By Jerry Marsden

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Mayer,'J. Chem. Phys. 1 5 , 1 8 7 ( 1 9 4 7 ) . )]-l, Χ Π /urfÄ. „+j+1) P - (2, ·'·,Η+1/Κ+2, . . , η + 5 + l ) Ο Ν Κ - I) I Μ Κ Ν S Ι Ο Ν Λ L MATHEMATICAL /u«0; P H Y S I C S IN O N E Ru>at DIMENSION (36) 1104 SA LS BW RG. ZWANZIG, Α Χ Γ) KIR Κ WOOD ( where <ι is the diameter of a rigid sphere. Although the K '%v) = e x p [ > ' ] following discussion could be carried out in terms of an 1 arbitrary intennolecular potential, the simplicity of the 14- Γ expressions for a hard sphere potential aids in the clarity of the presentation.

We see that in this region the details of the model affect the energy per spin in leading order. In the third section we compute the energy per spin for the one-dimensional spherical model (and Gaussian model) with exponential interactions between spins. We verify explicitly the results of the second section for this type of interaction by comparing the results of the third section with the previously known results for the Ising model. We also verify explicitly that the behavior below the critical point is different for the spherical and Ising models.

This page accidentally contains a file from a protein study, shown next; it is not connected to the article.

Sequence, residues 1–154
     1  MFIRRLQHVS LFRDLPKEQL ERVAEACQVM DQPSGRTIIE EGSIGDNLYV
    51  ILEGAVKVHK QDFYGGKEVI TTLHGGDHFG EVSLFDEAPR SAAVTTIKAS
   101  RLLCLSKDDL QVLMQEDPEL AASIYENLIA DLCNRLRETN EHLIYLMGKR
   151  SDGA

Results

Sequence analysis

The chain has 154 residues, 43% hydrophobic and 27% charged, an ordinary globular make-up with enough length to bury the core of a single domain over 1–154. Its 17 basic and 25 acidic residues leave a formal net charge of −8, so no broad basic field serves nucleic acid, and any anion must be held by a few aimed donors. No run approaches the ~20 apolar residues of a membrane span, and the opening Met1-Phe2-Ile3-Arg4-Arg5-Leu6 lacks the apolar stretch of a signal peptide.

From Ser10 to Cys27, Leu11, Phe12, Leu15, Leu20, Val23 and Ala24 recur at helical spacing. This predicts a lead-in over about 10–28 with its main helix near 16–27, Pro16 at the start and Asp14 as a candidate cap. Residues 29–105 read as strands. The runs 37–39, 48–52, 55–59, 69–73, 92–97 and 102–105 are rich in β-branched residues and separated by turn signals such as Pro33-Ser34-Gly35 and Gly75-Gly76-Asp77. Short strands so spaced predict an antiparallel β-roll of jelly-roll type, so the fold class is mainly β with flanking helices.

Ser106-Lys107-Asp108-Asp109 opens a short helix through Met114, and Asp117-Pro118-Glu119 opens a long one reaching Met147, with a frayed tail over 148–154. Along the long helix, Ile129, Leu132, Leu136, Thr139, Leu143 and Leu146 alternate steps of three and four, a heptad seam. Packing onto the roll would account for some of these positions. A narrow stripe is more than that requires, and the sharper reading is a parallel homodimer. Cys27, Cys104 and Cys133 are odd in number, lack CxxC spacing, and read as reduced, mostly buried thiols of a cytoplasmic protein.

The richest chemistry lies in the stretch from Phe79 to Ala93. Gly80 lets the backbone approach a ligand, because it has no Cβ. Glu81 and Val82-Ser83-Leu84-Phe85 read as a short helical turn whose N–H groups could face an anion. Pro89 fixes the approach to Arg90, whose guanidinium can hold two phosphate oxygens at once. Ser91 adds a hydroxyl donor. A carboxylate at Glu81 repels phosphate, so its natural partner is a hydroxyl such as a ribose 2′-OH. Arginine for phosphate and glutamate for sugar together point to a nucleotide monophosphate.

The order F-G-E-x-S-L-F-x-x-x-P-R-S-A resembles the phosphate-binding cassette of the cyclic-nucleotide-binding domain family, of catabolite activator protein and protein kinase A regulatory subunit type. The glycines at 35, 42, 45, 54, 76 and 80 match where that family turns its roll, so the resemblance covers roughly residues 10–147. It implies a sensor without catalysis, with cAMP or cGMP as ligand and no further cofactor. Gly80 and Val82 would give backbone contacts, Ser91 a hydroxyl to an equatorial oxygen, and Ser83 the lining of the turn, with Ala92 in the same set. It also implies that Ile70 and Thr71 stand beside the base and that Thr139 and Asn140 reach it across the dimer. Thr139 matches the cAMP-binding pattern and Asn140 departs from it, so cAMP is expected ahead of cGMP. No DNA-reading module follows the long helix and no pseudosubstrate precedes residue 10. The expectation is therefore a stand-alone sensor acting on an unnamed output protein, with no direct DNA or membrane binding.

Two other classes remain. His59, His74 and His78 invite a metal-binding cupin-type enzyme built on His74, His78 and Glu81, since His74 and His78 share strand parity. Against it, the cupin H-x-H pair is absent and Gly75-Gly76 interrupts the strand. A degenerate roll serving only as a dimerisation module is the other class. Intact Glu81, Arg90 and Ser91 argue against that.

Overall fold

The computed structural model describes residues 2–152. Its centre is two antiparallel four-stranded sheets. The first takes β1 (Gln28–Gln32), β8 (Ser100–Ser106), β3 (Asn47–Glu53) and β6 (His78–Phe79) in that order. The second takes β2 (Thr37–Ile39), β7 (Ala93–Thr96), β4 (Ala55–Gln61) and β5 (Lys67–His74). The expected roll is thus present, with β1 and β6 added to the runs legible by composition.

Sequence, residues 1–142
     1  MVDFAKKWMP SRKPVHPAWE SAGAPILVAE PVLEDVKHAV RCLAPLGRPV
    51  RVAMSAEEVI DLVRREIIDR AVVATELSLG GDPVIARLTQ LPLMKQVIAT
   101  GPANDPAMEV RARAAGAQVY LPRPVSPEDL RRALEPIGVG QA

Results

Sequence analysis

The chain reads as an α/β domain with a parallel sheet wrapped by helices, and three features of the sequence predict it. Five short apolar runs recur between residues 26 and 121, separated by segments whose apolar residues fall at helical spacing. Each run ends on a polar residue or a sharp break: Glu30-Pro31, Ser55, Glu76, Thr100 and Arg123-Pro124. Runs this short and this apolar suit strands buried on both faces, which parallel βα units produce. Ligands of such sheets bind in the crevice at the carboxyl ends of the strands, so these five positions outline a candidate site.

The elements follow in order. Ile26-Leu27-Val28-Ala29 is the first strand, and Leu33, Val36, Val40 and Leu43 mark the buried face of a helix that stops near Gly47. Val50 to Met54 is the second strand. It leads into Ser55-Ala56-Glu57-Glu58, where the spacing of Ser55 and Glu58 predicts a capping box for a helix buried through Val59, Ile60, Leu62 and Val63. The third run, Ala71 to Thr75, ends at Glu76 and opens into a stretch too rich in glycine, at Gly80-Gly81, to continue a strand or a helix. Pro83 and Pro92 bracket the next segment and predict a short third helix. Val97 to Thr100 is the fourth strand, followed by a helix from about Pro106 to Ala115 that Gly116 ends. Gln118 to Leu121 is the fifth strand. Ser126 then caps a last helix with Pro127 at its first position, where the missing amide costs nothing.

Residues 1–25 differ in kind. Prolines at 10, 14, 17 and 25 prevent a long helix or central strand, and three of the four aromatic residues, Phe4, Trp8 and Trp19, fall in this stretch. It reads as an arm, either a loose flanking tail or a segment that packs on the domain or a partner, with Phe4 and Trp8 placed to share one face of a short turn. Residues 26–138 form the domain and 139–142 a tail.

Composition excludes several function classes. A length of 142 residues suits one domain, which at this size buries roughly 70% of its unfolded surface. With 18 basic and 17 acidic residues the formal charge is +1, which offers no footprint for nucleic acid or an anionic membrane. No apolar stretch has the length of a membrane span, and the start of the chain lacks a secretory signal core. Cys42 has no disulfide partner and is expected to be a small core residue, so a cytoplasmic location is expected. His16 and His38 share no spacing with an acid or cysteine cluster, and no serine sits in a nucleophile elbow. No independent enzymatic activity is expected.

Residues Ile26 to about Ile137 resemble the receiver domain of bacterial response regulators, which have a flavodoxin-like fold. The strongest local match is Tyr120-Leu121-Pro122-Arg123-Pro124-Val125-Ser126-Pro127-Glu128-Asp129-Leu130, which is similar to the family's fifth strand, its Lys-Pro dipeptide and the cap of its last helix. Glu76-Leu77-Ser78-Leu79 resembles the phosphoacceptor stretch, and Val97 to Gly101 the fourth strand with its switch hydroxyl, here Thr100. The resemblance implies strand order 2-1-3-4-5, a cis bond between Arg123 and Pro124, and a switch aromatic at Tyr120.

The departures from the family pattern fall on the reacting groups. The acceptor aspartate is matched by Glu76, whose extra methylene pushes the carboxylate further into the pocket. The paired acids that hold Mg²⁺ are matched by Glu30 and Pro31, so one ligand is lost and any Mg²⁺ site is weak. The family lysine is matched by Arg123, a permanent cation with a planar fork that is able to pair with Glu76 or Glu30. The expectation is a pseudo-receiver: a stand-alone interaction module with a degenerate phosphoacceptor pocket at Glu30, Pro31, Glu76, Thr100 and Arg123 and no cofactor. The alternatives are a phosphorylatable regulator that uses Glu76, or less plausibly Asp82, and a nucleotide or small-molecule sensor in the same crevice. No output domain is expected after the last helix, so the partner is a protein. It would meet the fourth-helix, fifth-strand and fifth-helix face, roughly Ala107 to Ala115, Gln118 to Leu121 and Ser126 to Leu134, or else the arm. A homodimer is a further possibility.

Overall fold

In principle one could solve these equations for a system in which one considers more than only nearest neighbor interactions. Since most non-ionic forces have a range of only a few molecular diameters, the number of terms in the sums of E q . (34) could be taken to be, say, less than six. However, when we restrict our considerations to nearest neighbor interactions, a considerable simplification takes place, for as we have seen in Eq. (27) a fixed molecule effectively divides the system into two independent subsystems.